RECENTLY, I READ Georges Lefevre’s The Coming of the French Revolution (1939)—a book unlikely to spark the interest of the Tea Party, because it involves two things they despise: 1) history, and 2) France—and was stunned by its relevance to the here and now.
I’d been under the impression that the French revolution started like the one in Sala-ma-Sond—that King Louis XVI was toppled because he became mad with power, like Yertle the Turtle. Not so. The immediate causes were economic in nature, as Lefevre explains:
The revolt of the English colonies may in fact be considered the principal direct cause of the French Revolution…because Louis XVI in supporting it got his finances into very bad condition. [He] carried on the war by loans. When peace was restored in 1783 the increase of taxes could not make up the deficit, so [he] continued to borrow.
Swap “revolt of the English colonies” with “occupation of Iraq” and “Louis XVI” with “George W. Bush” and this paragraph could have been lifted from a Paul Krugman column in last month’s Times—except that peace has not yet been restored, in either Iraq or Afghanistan.
Let me phrase it another way: In 1788, France was in a state of crisis. After years of heavy borrowing to finance an unnecessary war—a war waged half a world away; a war begun by a mediocre leader installed on the basis of his prominent family’s influence; a war paid for entirely on credit—the government’s coffers were critically depleted. The economy was on the brink of collapse. The people were angry. Something had to give. Sound familiar?
Faced with imminent financial collapse, Louis XVI had three options. The first, repudiation, was almost implemented here during the debt ceiling fiasco last year, when intransigent Tea Party Republicans preferred default to compromise. The king did not pursue this reckless policy:
But it is clear that the [deficit] could not be saved except by reduction of the debt, that is, by repudiation…The monarchy deserves credit for rejecting this expedient…
The second option—the one that might have saved the monarchy and prevented a quarter century of bloodshed and privation—was to adjust the tax code:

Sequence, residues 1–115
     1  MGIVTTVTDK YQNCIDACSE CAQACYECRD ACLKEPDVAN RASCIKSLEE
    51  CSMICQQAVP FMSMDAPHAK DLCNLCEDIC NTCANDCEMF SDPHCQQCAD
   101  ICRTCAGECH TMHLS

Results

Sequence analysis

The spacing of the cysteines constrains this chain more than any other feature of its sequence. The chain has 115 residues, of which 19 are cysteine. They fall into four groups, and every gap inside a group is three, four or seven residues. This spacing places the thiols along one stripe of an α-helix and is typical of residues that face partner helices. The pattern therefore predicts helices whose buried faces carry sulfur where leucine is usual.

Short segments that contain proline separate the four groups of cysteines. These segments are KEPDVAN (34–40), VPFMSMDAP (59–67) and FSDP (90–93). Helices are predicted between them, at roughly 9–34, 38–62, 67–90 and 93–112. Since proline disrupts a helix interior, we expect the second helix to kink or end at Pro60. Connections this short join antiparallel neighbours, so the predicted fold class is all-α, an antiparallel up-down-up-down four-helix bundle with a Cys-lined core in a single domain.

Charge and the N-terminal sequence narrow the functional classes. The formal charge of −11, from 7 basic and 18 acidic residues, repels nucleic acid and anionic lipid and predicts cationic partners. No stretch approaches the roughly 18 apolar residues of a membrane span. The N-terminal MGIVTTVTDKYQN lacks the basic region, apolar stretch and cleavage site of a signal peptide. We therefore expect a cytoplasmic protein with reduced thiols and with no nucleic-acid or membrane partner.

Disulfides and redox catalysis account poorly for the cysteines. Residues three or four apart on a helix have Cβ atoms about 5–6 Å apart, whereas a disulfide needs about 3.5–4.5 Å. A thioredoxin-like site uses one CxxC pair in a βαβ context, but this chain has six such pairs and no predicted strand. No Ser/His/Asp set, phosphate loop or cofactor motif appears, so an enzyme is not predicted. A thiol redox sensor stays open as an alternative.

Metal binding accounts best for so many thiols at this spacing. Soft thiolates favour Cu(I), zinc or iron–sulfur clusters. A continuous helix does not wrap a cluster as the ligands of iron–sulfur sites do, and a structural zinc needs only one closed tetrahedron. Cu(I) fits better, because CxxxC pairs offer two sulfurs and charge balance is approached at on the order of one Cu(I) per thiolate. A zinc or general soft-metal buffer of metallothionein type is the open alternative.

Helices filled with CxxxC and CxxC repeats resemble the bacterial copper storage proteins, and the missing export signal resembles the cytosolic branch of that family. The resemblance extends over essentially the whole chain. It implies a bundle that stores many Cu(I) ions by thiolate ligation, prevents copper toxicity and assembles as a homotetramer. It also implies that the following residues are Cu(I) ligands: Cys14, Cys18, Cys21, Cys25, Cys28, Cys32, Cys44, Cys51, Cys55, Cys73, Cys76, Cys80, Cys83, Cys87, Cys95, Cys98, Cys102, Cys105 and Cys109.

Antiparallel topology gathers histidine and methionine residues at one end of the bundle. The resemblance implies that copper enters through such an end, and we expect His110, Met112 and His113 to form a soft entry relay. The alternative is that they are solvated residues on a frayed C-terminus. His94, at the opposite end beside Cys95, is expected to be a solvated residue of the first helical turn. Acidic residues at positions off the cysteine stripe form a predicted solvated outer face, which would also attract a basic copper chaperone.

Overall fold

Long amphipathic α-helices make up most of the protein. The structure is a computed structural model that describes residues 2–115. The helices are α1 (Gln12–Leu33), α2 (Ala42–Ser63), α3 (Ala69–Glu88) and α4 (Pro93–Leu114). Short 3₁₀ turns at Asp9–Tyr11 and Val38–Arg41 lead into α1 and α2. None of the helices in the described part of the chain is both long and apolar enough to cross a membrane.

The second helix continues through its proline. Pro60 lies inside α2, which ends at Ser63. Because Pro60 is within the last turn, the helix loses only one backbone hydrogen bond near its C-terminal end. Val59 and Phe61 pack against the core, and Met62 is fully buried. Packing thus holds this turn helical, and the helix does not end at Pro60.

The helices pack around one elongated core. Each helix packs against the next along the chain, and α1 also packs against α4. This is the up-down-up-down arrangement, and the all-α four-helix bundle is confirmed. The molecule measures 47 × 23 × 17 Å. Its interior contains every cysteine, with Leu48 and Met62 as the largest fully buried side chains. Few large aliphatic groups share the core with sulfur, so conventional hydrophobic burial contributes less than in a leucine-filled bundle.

There remained only one recourse, though a considerable one. Not all Frenchmen paid taxes on the same basis….In short, under the Old Regime the richer a man was, the less he paid. Technically the crisis was easy to meet: all that was necessary was to make everybody pay.
But the king had evidently signed some fin de siècle version of Grover Norquist’s pledge; he did not so much as ask the nobility and clergy to pay their fair share, let alone insist that they do so.
Instead, Louis XVI went with the third option, which can be summed up in four words: let them eat cake. Anyone who’s seen Les Mis knows how things worked out for him.
We face similar choices today in the United States. Congress is clearly on the let-them-eat-cake path, which will not end happily. The Tea Party seems to support the first option, repudiation: defaulting on our financial obligations, thereby wrecking the economy to save it.
Occupy Wall Street, as I see it, holds with the second option, the middle road: for the mega-rich and corporations (the modern equivalent of the Ancien Régime nobility and clergy) to pay a little more.
The right’s collective outrage about this modest proposal—Romney and his Fox News minions cry Class warfare! quicker than the Queen of Hearts cried Off with their heads!—is baffling. After all, a slight tweaking of the distribution of wealth benefits all of us, not just the 99 percent—even the corporations Mitt insists are people. Historically, when the economic model known as the Lorenz Curve—the graph that plots percentage of income (on the y-axis) relative to percentage of households (on the x-axis)—“bulges” too much, there is revolution. As I write this, the American Lorenz Curve is bulging like the American waistline. Would the Koch brothers and Exxon and Rush Limbaugh and GE and Sheldon Anderson rather pay a slightly higher capital gains tax, or endure a violent uprising? Would they rather have class warfare, or actual warfare? Because that’s where we appear to be headed, if history is any guide. The writing on the wall, I fear, is writ in blood.
And this is why I’ve supported Occupy Wall Street: its purpose is not to start a revolution, but rather, to prevent one.
Note: this essay appeared in a slightly modified version on the Occupy Writers site.